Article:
I am… quite competitive. I suck at running, but I suck even more at losing. A friend of mine is training for a half marathon (21K) and I went slightly over-competitive and was like OK LET’S DO A RUNNING CHALLENGE, and here we are. I hate losing, and I am a lot more disciplined if I know I might have a chance of winning if I run more often than he does. I’m going about 4x a week now.

I also decided that I would like to do a 10K this year, and chose a particular race that I ran last year as a 5K, and I’d love to run the 10K track this year. I signed up for a training plan (free with my sports watch, but you don’t need one – if you have a smartphone, there are several apps. My friend uses Runtastic for the half marathon training).

Oh, I also re-instated my reward program – I get new shoes, pants, protein powder, etc for some milestones. At first I made it only mildly challenging (running 5K nonstop again) and then increasingly challenging (running 600m of a very steep hill near my track at pace x, run 5K in x minutes, running 10K nonstop etc). I will run looking GOOD very soon!

When I was mentally ready to go, I broke my own records

Running is a mix of motivation and habit, and I needed to get my motivation back before making it again a habit, and that’s okay too. But once I felt the itch to run again, I was so hyped for it that after a couple weeks of practicing more and getting back into shape, I broke my own 5K record. Last week, I ran for over 7km nonstop (which is huge for a potato like me). So, what I mean is: it’s ok if you stop. For someone who’s never been a runner or particularly athletic, the 4 month stop felt like going back to zero, but you NEVER go back to zero once you have started already. Your brain and body remember it, and you get back into shape much quicker. It was so nice to see that I could go even further than before, when I was lighter and fitter!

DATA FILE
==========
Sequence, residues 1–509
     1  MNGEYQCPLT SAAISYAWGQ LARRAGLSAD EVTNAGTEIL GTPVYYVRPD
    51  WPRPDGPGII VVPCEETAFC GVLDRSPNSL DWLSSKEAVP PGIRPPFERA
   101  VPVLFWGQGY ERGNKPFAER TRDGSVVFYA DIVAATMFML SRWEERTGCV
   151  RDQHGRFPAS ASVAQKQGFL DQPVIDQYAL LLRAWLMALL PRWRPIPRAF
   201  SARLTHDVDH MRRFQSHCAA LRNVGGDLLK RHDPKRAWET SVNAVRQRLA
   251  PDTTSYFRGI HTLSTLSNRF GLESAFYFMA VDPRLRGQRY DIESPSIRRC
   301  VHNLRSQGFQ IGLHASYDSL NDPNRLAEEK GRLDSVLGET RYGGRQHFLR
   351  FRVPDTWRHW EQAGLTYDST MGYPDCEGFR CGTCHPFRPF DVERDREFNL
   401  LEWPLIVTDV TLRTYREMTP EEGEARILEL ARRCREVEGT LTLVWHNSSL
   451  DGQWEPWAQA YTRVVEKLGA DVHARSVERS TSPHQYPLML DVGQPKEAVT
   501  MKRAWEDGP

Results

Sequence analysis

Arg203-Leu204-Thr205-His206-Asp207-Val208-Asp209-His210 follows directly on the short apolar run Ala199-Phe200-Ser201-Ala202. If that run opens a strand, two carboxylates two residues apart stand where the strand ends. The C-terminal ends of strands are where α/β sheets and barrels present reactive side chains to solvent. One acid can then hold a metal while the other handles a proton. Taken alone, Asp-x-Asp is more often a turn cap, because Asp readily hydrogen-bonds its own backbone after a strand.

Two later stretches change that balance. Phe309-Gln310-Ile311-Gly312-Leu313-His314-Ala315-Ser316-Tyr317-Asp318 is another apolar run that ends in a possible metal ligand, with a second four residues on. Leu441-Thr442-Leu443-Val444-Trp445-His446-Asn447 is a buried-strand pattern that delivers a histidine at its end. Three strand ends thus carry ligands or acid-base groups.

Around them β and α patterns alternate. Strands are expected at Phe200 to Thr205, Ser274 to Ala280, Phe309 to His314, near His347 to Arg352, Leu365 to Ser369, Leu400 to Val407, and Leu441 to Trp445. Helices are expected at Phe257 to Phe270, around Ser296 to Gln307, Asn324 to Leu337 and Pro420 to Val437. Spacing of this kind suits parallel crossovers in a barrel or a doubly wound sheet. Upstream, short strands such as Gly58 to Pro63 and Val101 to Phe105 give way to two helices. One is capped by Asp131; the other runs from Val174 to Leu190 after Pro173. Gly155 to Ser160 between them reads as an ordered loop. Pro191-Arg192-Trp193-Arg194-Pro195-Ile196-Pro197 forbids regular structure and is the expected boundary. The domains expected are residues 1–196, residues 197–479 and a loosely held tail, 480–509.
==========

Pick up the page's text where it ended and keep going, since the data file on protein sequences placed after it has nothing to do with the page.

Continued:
Have you had to stop running for a while and then went back to it? How did it go for you? I’d love to get some tips on more things I can do to try and stay fit even if I can’t run. I still feel very new to it and like I have so much to learn.

Three of My Favorite Meat-Free Brazilian Recipes

Hello readers!

For those who don’t know, I’m Brazilian! I love food and I’ve been a reducetarean for 10 years now, so I’ve been experimenting a bit with vegetarian and vegan versions of my favorite Brazilian dishes for a while. I thought it would be interesting to add some recipes to my blog, and with Veganuary getting people interested in new recipes, it seems like a nice timing.

Brazilian cuisine is influenced by several cultures, so some of the typical things we eat come from other countries and have been adapted, which is why some of the recipes I post might look familiar. For this post, I needed to take photos of the food and there was not much time between asking on Twitter if I should post this and actually posting it, so this is just the Brazilian vegetarian or vegan food I cooked between New Year’s and today – it’s a very low-key, relaxed post.

Please excuse my English, it is not my mother tongue and it always shows when I talk about cooking. I also don’t really measure things, so I approximated. If you guys like this post, I can do others with more typical Brazilian food (vegan feijoada, Brazilian strogonoff etc) and other recipes that aren’t necessarily from my country but that I love.

I marked (V) for vegan and (VEG) for vegetarian.

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Lentil stew with rice (V)


This should be a rather generous amount of food, perhaps 4-5 people. Keep the leftovers in the fridge for 3-5 days, or freeze it for eating at a later date. It will probably taste even better the next time you eat it because the spices infuse the lentils with more flavor when left to rest. The recipe is also healthy and full of protein. Continue reading